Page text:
Tuesday, January 6, 2015

What am I drawing?

These are the pencils I've pulled to start on my next drawing.

Guesses, anyone?

Friday, January 2, 2015

Tuesday, December 23, 2014

Sleigh bells ring...are you listening?

Well, my block printing obsession seems to be here to stay. After spending hours on a detailed pencil drawing, it's so satisfying to pull print after print off of a carved block. This little print is based upon this drawing of a sleigh bell from a few years ago. It was my first time doing a 2-color print that isn't a reduction print, so it was a bit tricky getting things to register.

 I was thinking that I'd do a separate block to print the red ribbon attached to the bell, but I ended up liking the image of the bell by itself. And I really liked stringing them onto festive string...

...and using them as tags on Christmas packages. Hmmm...maybe I'll make more and use them as garland next year!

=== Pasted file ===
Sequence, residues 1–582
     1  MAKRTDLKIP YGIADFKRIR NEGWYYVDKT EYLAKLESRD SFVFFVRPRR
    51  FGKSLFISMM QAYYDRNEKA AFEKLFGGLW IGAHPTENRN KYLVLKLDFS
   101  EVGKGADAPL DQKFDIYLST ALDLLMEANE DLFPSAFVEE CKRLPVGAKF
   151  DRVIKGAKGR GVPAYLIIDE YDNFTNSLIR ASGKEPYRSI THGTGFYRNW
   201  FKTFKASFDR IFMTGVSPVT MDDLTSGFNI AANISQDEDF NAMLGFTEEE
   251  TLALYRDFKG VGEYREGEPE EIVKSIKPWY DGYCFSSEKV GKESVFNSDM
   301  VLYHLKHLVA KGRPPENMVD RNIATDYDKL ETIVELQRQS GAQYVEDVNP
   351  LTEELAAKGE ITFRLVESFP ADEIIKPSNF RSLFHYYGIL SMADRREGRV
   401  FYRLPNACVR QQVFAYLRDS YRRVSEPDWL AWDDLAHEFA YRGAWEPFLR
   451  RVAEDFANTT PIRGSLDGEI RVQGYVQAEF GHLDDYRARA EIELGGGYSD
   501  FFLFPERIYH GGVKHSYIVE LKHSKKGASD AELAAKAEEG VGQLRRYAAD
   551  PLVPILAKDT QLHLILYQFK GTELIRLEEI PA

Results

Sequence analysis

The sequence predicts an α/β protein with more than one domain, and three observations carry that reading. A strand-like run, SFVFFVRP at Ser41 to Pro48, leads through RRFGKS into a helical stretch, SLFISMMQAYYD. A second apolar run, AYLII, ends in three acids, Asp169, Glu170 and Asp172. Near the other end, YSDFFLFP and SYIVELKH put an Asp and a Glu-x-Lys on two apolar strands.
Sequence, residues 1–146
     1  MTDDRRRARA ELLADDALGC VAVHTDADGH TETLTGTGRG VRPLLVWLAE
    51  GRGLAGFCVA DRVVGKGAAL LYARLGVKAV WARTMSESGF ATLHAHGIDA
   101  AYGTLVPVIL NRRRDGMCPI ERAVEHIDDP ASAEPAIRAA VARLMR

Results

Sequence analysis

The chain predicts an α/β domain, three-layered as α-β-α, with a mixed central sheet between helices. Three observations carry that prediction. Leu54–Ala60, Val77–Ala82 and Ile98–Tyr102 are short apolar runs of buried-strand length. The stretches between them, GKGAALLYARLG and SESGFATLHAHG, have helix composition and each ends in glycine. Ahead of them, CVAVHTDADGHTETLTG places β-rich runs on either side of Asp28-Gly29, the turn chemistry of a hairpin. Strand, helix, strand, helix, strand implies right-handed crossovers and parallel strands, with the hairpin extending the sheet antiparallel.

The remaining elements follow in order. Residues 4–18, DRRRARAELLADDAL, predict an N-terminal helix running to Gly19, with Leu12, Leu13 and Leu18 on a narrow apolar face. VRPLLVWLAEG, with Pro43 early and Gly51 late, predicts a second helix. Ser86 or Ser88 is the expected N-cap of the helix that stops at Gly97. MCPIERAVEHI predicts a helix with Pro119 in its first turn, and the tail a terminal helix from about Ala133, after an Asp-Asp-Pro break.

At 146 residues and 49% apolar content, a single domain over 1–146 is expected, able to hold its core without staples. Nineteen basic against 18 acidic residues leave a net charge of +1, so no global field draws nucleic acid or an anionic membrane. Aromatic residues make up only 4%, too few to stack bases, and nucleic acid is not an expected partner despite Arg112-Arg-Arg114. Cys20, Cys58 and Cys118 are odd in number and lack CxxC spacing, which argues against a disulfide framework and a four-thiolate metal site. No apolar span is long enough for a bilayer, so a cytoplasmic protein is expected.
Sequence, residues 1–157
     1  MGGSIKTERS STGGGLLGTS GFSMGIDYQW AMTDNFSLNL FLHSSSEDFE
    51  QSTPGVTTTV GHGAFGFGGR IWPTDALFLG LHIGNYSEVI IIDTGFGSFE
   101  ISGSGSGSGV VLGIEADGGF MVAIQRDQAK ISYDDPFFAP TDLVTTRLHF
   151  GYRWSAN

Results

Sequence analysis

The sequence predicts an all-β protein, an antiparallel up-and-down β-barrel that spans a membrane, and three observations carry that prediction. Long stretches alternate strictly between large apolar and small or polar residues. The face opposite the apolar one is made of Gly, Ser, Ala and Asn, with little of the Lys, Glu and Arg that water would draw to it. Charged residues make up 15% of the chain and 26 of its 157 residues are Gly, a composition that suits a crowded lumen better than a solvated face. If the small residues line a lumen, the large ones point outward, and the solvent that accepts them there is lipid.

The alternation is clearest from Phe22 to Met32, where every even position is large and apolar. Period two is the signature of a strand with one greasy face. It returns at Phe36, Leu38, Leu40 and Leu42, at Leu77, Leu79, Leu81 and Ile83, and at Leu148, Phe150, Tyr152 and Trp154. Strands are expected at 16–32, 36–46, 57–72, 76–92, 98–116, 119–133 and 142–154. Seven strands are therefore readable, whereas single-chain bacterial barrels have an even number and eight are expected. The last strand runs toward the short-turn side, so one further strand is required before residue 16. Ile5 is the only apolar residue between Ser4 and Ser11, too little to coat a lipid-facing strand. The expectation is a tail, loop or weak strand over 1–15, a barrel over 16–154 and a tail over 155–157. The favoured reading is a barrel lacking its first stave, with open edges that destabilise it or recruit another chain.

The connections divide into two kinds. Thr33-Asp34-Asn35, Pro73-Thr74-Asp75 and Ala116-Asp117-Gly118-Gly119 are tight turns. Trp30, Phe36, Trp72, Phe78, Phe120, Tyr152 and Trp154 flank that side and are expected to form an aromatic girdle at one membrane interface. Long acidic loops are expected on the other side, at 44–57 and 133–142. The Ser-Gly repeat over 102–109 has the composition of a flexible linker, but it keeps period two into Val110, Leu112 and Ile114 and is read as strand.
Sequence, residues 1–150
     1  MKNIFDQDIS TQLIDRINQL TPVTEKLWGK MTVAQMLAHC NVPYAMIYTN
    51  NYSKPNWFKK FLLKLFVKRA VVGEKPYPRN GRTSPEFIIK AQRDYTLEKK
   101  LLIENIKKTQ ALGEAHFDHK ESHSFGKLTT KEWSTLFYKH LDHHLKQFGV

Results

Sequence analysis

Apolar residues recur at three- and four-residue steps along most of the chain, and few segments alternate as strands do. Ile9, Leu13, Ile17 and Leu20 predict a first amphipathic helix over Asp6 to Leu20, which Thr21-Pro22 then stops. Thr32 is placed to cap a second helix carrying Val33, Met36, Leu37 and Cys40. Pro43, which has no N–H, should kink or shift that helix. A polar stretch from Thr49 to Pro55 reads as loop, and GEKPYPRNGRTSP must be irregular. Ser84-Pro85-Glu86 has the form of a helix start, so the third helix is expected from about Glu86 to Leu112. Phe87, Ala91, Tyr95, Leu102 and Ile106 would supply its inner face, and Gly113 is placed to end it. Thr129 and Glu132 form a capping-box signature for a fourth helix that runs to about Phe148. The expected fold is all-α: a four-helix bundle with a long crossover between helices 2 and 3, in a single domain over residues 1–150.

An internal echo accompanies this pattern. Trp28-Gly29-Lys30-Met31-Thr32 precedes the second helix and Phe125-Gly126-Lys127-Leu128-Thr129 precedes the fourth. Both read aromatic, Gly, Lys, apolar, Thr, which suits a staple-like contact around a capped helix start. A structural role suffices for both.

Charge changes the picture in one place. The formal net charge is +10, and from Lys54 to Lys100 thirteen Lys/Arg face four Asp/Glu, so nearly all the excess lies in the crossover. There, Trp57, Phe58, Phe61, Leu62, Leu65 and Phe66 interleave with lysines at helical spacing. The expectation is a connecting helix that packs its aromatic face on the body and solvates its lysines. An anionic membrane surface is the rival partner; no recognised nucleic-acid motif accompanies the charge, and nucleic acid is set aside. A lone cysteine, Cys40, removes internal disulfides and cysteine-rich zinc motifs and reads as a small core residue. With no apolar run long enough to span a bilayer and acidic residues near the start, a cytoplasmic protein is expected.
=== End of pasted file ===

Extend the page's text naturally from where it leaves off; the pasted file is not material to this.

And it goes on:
I also wanted to do an original little composition of traditional red glass ornaments in a box. The possibilities are endless as far as printing options: varying the colors, etc.

It always takes lots of planning to figure out what prints where...!

I really had trouble registering this one; I ended up re-carving one of the blocks...ugh. I believe that I got one that turned out perfectly. But I love it and I think it will inspire a series of things in boxes...we'll have to see! In the meantime, happy, happy holidays from my house to yours.

Thursday, December 18, 2014

A few of my favorite things: Acorns!

Prismacolor colored pencil on Stonehenge paper